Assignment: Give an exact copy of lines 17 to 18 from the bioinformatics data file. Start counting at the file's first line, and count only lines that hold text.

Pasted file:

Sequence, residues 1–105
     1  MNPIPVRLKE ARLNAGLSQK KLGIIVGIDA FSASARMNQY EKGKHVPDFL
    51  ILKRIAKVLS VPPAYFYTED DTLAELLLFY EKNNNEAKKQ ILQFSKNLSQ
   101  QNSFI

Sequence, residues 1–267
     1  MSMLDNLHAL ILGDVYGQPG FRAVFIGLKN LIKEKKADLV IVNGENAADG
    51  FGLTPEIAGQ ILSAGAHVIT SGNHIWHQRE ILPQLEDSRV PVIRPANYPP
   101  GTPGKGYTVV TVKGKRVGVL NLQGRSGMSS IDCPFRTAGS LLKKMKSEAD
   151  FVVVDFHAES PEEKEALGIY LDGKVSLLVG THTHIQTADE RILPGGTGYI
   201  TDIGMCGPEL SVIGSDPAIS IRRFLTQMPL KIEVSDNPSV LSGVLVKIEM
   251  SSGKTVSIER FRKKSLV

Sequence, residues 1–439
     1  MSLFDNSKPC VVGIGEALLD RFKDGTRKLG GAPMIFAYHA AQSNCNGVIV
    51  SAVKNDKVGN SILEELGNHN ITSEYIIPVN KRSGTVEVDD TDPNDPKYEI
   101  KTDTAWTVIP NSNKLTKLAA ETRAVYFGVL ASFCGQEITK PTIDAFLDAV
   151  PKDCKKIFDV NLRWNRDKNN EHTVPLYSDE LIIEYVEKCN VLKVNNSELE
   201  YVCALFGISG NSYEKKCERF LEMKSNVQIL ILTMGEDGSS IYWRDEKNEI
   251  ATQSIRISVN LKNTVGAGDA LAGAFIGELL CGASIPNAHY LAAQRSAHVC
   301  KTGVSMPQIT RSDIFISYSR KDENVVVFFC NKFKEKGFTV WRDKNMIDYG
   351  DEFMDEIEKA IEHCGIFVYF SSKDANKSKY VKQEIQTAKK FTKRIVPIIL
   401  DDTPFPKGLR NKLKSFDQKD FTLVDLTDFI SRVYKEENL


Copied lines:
   201  YVCALFGISG NSYEKKCERF LEMKSNVQIL ILTMGEDGSS IYWRDEKNEI
   251  ATQSIRISVN LKNTVGAGDA LAGAFIGELL CGASIPNAHY LAAQRSAHVC